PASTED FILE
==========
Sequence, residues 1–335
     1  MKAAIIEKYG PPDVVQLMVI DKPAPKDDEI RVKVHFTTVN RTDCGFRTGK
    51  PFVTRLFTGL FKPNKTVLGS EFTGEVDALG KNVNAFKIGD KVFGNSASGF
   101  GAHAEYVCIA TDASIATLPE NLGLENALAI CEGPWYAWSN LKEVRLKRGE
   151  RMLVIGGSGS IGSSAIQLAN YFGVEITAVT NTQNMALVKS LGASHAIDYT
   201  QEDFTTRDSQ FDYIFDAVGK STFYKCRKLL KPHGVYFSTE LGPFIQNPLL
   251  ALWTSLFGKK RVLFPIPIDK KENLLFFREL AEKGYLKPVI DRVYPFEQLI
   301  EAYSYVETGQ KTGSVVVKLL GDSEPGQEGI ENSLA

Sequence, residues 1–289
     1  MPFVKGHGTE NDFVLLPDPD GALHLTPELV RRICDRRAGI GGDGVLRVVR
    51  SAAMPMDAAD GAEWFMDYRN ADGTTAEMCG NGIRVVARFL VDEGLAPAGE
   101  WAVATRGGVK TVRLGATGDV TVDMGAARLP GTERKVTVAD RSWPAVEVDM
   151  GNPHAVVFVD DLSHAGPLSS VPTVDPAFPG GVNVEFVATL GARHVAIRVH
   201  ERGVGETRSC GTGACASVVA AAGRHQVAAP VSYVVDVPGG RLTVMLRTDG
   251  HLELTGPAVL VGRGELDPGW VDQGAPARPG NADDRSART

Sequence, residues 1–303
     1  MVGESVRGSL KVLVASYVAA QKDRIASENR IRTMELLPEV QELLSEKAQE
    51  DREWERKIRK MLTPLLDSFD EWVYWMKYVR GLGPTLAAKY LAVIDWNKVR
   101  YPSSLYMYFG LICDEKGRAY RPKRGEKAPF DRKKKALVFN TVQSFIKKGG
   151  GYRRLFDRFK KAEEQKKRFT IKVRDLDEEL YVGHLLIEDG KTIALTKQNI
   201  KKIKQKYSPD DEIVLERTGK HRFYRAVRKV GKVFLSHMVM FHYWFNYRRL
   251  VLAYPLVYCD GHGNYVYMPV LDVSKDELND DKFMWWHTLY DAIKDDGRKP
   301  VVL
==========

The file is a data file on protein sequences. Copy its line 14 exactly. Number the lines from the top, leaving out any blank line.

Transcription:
   201  ERGVGETRSC GTGACASVVA AAGRHQVAAP VSYVVDVPGG RLTVMLRTDG